AI (Artificial Intelligence) has increasingly become a thing of interest in the modern world. From the basic things of our everyday life to the complex processes that form the soul of our activities, it has become an increasingly present topic.
And as sure as we know, AI has gained its way into medicine and healthcare as much as possible. Asides the futuristic talks and the promising promises of having AI serve our health needs in very seamless ways in the near future there are actually already AI smart technologies that help with diagnosis and treatment of certain conditions.
Some include technologies that work in the hands of physicians in treating conditions while others are embedded in user end applications that enable the users have a working idea of what ailment they might have and the best next steps for them.
In Ophthalmology (the specialty that deals with eye health), a number have been developed but only a few have been able to reach stages of almost entering mainstream use across the world.
One great example is RETINA-AI, developed by RETINA-AI Health Inc., founded by a US-based Nigerian Ophthalmologist and Computer Genius, Dr. Stephen Odaibo. They are based in the USA and have developed a number of technologies in AI to deal with diseases of the eye. They in fact have patent for their technologies in the US.
Diabetic Retinopathy is one of the complication of the complications of having diabetes and may go unnoticed till late stages if not detected on time. It is the leading cause of blindness in working age adults. Poorly treated diabetes may lead to diabetic retinopathy in 3-5 years. While some people might have symptoms early, others may not have obvious symptoms until they begin to lose their sight at which stage it might be too late.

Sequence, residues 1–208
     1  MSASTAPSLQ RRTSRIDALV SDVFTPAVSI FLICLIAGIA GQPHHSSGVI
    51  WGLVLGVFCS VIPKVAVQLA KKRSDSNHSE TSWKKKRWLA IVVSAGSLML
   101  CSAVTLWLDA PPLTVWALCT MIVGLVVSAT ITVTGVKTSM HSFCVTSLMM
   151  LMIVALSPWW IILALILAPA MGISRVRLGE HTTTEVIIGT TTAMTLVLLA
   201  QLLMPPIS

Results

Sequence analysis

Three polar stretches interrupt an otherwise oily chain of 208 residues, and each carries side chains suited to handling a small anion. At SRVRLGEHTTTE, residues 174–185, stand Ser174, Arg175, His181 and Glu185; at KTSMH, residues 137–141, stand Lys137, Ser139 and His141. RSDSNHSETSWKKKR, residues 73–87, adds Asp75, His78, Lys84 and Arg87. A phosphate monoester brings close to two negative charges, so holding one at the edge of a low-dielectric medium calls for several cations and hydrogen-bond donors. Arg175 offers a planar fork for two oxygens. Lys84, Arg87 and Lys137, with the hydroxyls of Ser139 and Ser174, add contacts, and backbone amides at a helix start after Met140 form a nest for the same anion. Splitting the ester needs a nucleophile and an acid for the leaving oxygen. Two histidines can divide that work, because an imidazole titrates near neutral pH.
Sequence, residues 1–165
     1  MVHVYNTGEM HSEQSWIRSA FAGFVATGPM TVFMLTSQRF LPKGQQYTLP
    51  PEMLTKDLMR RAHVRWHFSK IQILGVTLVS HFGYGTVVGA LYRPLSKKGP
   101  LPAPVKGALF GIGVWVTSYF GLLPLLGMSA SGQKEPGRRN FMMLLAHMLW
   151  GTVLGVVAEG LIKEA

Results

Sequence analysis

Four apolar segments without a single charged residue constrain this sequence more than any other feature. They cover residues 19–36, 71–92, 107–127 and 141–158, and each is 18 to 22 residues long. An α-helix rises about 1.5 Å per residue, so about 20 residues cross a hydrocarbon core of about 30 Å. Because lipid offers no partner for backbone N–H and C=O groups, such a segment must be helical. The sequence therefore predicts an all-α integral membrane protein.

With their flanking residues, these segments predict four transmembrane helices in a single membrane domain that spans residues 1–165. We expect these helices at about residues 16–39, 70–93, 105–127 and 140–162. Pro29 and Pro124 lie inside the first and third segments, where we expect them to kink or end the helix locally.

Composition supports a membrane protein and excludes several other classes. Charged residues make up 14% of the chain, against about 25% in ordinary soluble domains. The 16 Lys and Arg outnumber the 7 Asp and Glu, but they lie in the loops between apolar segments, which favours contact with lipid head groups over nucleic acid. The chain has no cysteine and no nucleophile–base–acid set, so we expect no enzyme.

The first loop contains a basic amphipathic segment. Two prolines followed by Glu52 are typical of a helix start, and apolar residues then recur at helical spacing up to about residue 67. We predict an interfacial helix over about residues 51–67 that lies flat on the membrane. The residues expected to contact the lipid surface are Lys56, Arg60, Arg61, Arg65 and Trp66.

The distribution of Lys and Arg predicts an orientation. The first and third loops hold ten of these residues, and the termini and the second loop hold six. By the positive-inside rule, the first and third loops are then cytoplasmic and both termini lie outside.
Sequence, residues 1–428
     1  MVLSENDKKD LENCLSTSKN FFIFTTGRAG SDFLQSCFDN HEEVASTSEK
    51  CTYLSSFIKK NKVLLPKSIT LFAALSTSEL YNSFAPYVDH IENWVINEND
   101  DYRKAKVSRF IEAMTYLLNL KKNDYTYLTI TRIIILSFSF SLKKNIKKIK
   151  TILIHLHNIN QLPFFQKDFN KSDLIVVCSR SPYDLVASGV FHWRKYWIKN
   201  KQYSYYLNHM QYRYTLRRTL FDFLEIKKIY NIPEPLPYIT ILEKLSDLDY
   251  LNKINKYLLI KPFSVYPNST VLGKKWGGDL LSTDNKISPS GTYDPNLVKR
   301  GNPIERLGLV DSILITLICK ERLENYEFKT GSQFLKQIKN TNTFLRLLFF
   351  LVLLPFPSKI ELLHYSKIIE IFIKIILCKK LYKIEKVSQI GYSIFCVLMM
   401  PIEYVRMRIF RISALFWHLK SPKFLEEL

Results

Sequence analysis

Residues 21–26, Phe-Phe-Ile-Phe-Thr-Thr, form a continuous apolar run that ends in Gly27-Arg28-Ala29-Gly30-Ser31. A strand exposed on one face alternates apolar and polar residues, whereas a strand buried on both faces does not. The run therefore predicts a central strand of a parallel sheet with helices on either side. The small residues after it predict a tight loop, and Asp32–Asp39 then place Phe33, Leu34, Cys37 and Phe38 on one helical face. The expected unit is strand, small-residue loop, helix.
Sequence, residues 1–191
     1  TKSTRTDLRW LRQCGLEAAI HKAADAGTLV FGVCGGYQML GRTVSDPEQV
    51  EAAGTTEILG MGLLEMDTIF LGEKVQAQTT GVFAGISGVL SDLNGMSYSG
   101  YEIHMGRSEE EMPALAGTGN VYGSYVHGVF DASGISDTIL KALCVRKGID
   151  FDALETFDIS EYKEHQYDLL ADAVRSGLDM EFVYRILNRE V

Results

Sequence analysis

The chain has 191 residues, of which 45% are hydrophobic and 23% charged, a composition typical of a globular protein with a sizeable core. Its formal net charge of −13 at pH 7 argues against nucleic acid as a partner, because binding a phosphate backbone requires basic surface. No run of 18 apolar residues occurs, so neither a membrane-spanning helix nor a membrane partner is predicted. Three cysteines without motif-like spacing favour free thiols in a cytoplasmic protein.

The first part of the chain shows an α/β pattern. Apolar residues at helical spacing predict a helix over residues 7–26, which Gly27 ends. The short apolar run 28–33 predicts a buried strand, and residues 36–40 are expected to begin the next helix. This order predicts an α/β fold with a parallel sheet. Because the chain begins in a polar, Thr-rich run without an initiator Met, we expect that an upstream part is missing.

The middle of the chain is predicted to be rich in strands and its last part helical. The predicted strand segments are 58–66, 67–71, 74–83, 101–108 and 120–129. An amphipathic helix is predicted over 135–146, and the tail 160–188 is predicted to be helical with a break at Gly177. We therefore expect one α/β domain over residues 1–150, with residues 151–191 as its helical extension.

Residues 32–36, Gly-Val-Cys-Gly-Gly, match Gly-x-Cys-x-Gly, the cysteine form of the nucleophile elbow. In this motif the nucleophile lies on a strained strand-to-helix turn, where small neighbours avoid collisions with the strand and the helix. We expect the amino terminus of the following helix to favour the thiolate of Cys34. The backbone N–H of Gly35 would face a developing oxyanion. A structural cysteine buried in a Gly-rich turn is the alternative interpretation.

RETINA-AI is currently developing a fully autonomous device that can capture images of the retina (the part of the eye that let's us see images), detect diabetes retinopathy (up to 100% accuracy from feasibility tests conducted) and make a diagnostic report with actionable points.
It is designed to be operated minimally by medical assistants that need very little training to operate them. The AI cameras are very specialized to know the best angles to take pictures to get the best results with the best interpretations, without any human input. It's more like plug and play!
However, the devices are yet to be approved by FDA and released for routine use. Once they are approved they will change the way we see Ophthalmology and open the way for more diagnostic AI technologies, including those applicable in other specialties in Medicine.
How does this affect patients?
It is quite obvious that there is an apparent disparity in the ratio of trained medical professionals to the general population. The introduction of autonomous technologies like this (especially if adopted globally) will remove the diagnostic roadblocks and enable more patients get seen faster and have the proper knowledge of next steps in the management of their ailments.
Other advantages include:
- Reducing physician fatigue and misdiagnosis from human error
- Enabling increased efficency and better patient satisfaction
- Reducing the burden of blindness globally.
Cons/Prospective usage problems:
- This method of diagnosis might be expensive to operate and maintain in low resource settings especially the AI cameras involved.
- Physicians might still need to perform other diagnostic procedures to ensure patient safety and best management
Beyond these there might still be other usage problems that might be discovered only upon using the equipment. Till then the technology remains somewhat novel and promises significant contribution to tackling diabetic retinopathy.
Perhaps in the future these AI technologies might even be so well adapted and mainstream that they will be able to be used by the end users (patients) to decide next steps to take on their health.
It is noteworthy to know that there already app-based AI technologies that are made for health service end users to help with independent diagnosis of ailments before seeking the doctor's input.e.g. Skin disease diagnosis apps, including Google's. These technologies are however not mainstream and are hardly recommended by any regulatory bodies.
It would therefore be foolhardy to make decisions based solely on them. It is important to visit a hospital when you have a medical condition that is beyond conservative management at home.
Perhaps someday, we would have technologies that would cross these boundaries and make health diagnosis easy, accesible and seamless for everyone.
But till then, see your doctor today!